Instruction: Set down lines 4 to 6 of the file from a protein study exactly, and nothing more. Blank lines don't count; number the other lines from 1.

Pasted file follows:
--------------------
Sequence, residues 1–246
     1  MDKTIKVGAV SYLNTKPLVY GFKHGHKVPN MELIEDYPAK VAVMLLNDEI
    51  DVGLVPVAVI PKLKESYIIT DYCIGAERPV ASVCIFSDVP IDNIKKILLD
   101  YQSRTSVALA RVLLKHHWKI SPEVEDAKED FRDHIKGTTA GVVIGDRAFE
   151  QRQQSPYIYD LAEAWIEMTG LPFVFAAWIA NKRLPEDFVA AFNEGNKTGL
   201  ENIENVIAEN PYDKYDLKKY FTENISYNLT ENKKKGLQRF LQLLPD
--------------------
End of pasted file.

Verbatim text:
   101  YQSRTSVALA RVLLKHHWKI SPEVEDAKED FRDHIKGTTA GVVIGDRAFE
   151  QRQQSPYIYD LAEAWIEMTG LPFVFAAWIA NKRLPEDFVA AFNEGNKTGL
   201  ENIENVIAEN PYDKYDLKKY FTENISYNLT ENKKKGLQRF LQLLPD